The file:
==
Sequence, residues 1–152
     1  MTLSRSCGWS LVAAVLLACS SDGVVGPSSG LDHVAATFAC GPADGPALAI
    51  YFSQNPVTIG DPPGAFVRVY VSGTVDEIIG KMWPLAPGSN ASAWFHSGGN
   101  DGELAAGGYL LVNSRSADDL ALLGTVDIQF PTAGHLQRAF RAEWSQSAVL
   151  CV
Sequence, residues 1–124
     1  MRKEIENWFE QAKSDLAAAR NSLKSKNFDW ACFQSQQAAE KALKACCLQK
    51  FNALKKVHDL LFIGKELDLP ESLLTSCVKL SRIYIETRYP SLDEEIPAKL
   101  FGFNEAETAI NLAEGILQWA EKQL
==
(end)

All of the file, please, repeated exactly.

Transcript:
Sequence, residues 1–152
     1  MTLSRSCGWS LVAAVLLACS SDGVVGPSSG LDHVAATFAC GPADGPALAI
    51  YFSQNPVTIG DPPGAFVRVY VSGTVDEIIG KMWPLAPGSN ASAWFHSGGN
   101  DGELAAGGYL LVNSRSADDL ALLGTVDIQF PTAGHLQRAF RAEWSQSAVL
   151  CV
Sequence, residues 1–124
     1  MRKEIENWFE QAKSDLAAAR NSLKSKNFDW ACFQSQQAAE KALKACCLQK
    51  FNALKKVHDL LFIGKELDLP ESLLTSCVKL SRIYIETRYP SLDEEIPAKL
   101  FGFNEAETAI NLAEGILQWA EKQL